Based on reports culled from the daily newspapers, the number of murders in Guyana for this year up to the end of July has equalled the 113 official murder figure for the whole of last year.
These figures exclude the 16 persons killed last year and the 9 killed by the police this year in alleged armed confrontations, as the police classify these as justifiable homicides. For the same reason, the deaths of the 5 alleged bandits shot dead by licensed firearm holders and security guards who were protecting lives or property, are also excluded.
If the 31 murders at Lusignan, Bartica and Lindo Creek are excluded from the 113 for this year so far, it still leaves 82 murders, 23 more than for the corresponding period last year.
For last year and this year, at least 63 persons were killed by persons known to them – relatives, friends, acquaintances and drinking partners. One man was killed by a person described as his “childhood best friend.”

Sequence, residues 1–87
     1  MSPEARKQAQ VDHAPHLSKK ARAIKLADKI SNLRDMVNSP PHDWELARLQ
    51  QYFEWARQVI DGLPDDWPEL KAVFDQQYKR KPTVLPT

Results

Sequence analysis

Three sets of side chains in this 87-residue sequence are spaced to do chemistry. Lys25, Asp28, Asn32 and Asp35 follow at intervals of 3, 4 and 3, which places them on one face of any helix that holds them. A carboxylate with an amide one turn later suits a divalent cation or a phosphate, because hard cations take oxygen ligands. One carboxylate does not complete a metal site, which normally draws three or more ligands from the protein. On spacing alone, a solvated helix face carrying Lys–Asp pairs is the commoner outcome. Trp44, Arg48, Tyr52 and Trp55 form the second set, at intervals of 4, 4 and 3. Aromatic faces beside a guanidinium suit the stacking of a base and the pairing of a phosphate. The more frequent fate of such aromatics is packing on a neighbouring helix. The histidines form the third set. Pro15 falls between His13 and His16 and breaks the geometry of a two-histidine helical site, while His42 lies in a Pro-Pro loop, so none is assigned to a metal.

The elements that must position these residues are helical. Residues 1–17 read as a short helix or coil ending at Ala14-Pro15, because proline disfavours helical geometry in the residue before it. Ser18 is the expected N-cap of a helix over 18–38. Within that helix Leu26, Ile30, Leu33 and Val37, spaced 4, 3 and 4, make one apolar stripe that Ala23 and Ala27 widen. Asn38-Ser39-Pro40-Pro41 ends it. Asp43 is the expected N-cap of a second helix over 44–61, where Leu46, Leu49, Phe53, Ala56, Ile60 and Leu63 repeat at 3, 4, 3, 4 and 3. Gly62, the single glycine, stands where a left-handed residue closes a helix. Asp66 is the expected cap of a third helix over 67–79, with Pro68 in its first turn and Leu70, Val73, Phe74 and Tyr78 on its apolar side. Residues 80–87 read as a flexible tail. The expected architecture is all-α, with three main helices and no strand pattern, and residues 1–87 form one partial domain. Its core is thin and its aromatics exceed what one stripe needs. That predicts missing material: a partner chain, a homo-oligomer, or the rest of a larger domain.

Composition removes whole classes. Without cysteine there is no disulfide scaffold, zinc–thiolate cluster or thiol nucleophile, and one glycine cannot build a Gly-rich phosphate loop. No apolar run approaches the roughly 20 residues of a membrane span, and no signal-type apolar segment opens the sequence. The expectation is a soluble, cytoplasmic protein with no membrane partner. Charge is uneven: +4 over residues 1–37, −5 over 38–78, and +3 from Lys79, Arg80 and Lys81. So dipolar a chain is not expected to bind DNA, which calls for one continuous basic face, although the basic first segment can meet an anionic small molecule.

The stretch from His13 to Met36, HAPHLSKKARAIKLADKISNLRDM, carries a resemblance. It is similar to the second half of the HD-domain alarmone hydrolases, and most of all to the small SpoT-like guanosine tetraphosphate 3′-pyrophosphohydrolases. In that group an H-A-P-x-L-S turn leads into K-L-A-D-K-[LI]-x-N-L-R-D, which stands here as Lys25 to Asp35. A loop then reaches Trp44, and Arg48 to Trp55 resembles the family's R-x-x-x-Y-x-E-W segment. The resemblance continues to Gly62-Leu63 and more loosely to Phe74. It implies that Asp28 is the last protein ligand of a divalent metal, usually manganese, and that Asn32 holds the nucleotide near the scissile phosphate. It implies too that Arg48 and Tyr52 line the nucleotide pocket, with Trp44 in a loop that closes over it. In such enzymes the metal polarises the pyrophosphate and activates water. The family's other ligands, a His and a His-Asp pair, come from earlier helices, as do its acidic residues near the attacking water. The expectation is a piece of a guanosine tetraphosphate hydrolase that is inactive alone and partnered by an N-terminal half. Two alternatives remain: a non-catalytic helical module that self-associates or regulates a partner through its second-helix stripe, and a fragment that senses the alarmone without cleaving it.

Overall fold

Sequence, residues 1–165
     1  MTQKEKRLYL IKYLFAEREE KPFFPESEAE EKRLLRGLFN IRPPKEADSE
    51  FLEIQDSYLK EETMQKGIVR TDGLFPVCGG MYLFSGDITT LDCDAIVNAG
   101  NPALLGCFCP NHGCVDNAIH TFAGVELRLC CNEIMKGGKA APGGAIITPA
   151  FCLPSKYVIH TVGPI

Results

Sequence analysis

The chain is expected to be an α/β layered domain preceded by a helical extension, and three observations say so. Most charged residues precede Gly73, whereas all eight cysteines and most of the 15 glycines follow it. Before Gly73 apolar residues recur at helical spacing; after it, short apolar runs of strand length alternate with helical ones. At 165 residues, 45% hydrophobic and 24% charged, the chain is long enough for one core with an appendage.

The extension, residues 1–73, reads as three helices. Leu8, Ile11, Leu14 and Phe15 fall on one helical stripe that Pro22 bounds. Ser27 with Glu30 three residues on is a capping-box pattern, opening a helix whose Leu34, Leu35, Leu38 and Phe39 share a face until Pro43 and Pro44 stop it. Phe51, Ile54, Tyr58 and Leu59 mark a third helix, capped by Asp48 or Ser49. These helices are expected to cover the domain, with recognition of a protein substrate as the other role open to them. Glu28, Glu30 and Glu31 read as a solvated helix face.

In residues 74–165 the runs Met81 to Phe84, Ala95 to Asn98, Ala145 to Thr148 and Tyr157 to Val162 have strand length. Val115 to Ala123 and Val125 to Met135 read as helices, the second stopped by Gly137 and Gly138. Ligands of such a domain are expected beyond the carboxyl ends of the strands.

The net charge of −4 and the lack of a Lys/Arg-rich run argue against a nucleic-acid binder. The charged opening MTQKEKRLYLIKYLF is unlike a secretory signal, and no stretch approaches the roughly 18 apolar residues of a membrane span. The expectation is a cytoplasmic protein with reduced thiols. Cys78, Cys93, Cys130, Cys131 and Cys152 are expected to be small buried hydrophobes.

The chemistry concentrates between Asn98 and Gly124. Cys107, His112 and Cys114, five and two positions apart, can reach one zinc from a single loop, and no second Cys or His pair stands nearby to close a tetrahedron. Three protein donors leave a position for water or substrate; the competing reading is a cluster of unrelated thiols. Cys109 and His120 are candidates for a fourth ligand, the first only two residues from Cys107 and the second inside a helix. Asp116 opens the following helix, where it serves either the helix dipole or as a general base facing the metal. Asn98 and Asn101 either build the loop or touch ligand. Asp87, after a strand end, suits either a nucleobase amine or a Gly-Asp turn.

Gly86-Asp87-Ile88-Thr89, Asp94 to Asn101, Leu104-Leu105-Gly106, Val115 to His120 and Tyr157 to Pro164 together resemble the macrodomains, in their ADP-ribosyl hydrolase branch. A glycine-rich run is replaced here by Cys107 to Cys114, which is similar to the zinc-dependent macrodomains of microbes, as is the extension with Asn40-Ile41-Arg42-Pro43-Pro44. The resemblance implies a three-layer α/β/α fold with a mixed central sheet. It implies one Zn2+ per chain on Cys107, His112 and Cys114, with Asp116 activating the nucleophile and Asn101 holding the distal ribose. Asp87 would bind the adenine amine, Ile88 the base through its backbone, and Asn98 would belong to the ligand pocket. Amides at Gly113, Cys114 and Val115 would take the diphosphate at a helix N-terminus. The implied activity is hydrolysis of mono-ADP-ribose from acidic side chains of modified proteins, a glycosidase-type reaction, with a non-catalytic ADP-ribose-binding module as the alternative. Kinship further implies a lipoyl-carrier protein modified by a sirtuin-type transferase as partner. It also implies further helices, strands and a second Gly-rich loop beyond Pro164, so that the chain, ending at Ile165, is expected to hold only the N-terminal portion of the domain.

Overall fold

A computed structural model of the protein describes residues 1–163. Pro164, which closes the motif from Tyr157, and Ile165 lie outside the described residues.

Last year’s murder rate per 100,000 population was 15.1; this year so far it is 26.1. From available data I have seen, Guyana’s murder rate per 100,000 has never dropped to single digits.
For comparison, the USA’s highest ever murder rate was 10.7 per 100,000 in 1980. Since then that country’s murder rates have dropped to between 6.9 and 5.5 per 100,000 for the last 10 years. Canada, the UK, European Union states, Australia, New Zealand, Singapore and Japan have much lower murder rates than the USA’s, ranging from 1 – 4 per 100,000.
The murder rate of a country is one clear social indicator of the value that it places on human life. In Guyana’s case, the high murder rate is an indicator of the level of social interaction and human relations in this country.
It could only mean that we as a people are more given to resolving conflicts violently. As for causes and solutions, I leave those to the sociologists and social engineers. But when all is said and done, Guyana is in dire need of healing from its self-flagellation.
M. Xiu Quan-Balgobind-